States and localities will have a clearer understanding of the cost to participate in the public-safety broadband network after a comprehensive request for proposals goes out in early 2015, according to Amanda Hilliard,FirstNet’s director of outreach.
“As we go through that process and get responses back and make an award, we’ll have a lot more information and detail on potential cost and build-out of the network that will then get incorporated into the state plans,” Hilliard said Wednesday during an IWCE’s Urgent communications webinar on the “State of the States.”
For agencies that are preparing for the coming of FirstNet, while trying to maintain their current communications systems, those answers cannot come soon enough.
“Everybody wants to know what is this going to cost us in the end. What is the business model? What is it going to cost? How is it going to operate in the end,” said Scott Neal, director of the Pennsylvania State Police’s Bureau of Communications and Information Services.
Highlands Ranch plan would aid first responders, by Christy Steadman, Posted 7/23/14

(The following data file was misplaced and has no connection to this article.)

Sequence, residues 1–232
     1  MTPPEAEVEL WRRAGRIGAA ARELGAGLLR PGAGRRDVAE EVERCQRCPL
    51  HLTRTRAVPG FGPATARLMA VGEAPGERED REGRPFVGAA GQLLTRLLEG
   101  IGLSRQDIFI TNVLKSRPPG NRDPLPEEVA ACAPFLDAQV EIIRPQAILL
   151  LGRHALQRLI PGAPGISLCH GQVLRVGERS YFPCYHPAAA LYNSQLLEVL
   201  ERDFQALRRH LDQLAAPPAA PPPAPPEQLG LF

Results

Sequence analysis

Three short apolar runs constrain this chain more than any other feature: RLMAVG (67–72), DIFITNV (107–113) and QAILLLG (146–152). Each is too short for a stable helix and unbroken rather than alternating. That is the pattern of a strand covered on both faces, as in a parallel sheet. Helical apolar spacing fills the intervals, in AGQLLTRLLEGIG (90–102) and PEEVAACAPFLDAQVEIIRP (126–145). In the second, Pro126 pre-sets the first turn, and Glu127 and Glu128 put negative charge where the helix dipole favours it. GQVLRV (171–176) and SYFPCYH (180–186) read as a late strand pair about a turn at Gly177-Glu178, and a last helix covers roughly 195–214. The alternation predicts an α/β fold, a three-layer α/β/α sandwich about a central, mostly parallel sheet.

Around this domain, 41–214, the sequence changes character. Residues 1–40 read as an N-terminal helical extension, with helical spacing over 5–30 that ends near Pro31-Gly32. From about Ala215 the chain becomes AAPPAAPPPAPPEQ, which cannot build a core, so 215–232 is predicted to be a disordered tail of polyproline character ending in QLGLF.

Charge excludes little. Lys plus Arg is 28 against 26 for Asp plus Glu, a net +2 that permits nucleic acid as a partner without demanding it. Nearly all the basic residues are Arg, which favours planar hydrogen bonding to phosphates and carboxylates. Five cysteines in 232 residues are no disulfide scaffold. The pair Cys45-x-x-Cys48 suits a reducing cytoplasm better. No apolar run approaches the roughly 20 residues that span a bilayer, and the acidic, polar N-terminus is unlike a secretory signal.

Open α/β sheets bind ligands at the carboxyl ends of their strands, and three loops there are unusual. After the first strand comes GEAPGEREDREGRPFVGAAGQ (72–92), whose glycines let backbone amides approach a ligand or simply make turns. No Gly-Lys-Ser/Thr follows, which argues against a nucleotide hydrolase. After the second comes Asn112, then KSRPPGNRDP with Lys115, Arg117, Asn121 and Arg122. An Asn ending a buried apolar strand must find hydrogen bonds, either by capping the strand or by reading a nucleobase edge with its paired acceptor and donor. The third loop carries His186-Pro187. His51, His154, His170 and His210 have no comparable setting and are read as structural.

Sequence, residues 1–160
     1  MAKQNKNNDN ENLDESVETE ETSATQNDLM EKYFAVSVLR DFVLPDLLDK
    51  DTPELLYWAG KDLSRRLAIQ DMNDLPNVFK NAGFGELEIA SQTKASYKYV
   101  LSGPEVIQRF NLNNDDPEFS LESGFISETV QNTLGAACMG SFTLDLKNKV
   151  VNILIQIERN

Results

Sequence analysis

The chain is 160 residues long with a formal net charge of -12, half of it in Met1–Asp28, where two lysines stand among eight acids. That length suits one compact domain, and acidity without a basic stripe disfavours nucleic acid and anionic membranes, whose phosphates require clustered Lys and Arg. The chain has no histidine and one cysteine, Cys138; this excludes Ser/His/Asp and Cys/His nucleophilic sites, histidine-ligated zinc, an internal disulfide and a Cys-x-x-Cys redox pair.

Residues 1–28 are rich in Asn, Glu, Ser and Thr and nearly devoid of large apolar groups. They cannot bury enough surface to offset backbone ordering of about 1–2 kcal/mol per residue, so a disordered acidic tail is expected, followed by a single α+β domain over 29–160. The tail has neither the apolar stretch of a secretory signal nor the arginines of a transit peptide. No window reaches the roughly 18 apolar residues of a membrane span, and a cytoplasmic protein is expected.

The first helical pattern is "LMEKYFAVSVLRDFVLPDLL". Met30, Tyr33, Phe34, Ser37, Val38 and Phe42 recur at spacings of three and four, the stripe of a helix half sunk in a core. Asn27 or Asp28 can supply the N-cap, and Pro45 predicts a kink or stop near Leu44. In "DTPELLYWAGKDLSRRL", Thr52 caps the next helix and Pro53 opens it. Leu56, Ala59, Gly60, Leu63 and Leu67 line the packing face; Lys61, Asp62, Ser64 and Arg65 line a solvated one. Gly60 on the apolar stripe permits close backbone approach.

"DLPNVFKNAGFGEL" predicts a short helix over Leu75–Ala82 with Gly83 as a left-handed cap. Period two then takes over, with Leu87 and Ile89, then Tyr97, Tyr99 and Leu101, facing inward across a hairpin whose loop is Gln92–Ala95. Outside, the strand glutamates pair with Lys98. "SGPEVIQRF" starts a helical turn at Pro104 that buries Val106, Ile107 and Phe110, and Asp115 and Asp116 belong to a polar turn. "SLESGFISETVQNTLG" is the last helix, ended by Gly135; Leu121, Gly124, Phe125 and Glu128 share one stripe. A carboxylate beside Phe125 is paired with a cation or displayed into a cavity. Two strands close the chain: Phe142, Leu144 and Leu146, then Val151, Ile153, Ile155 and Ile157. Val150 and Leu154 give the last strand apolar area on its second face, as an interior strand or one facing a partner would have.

Plans are in the works for a new 180-foot-tall communications tower, proposed to be built on Grigs Road, which would improve public and first responder safety in the event of a disaster in Highlands Ranch.
The purpose of the tower is to improve emergency communication in the northern part of Douglas County for first responders, including, but not limited to, law enforcement, fire departments, schools, public works and road crews.
“Public safety is paramount,” said Robert McMahan, captain of support services in the Douglas County Sheriff’s Office. “Douglas County is working on providing the best public safety communication for the citizens.”
PANTEGO — When you fight fires for more than two decades, there’s a good chance you’ll have a couple of close calls.
Billy Hirth just had three or four in the course of one week. The 52-year-old Arlington firefighter was helping Israeli firefighters respond to emergencies near the border with Gaza.
“There were just different things,” he said. “At one point, a radio goes off in Hebrew, everyone runs. I figure that was a good sign I should run […] a rocket hit about 600 feet from us.”